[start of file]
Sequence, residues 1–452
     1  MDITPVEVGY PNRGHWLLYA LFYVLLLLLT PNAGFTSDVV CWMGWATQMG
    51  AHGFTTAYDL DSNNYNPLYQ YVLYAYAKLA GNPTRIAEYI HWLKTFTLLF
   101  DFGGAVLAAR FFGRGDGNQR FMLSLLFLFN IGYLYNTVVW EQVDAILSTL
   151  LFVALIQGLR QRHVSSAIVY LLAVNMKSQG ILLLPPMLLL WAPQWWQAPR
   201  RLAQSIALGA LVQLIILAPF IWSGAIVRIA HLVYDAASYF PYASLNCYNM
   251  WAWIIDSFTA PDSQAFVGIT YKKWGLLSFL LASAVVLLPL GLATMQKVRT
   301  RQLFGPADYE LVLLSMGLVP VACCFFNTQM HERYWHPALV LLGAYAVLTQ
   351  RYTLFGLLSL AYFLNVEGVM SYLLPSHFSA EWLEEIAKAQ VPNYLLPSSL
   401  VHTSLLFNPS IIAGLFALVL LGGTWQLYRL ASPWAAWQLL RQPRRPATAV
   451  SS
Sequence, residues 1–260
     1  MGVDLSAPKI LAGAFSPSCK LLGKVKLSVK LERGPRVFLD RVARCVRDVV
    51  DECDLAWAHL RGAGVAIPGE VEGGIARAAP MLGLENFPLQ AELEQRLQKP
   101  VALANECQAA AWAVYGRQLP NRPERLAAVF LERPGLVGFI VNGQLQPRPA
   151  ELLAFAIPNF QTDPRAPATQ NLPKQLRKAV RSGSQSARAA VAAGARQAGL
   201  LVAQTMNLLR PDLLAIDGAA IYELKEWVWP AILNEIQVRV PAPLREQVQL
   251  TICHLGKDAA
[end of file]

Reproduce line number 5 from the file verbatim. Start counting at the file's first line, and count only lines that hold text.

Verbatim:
   151  LFVALIQGLR QRHVSSAIVY LLAVNMKSQG ILLLPPMLLL WAPQWWQAPR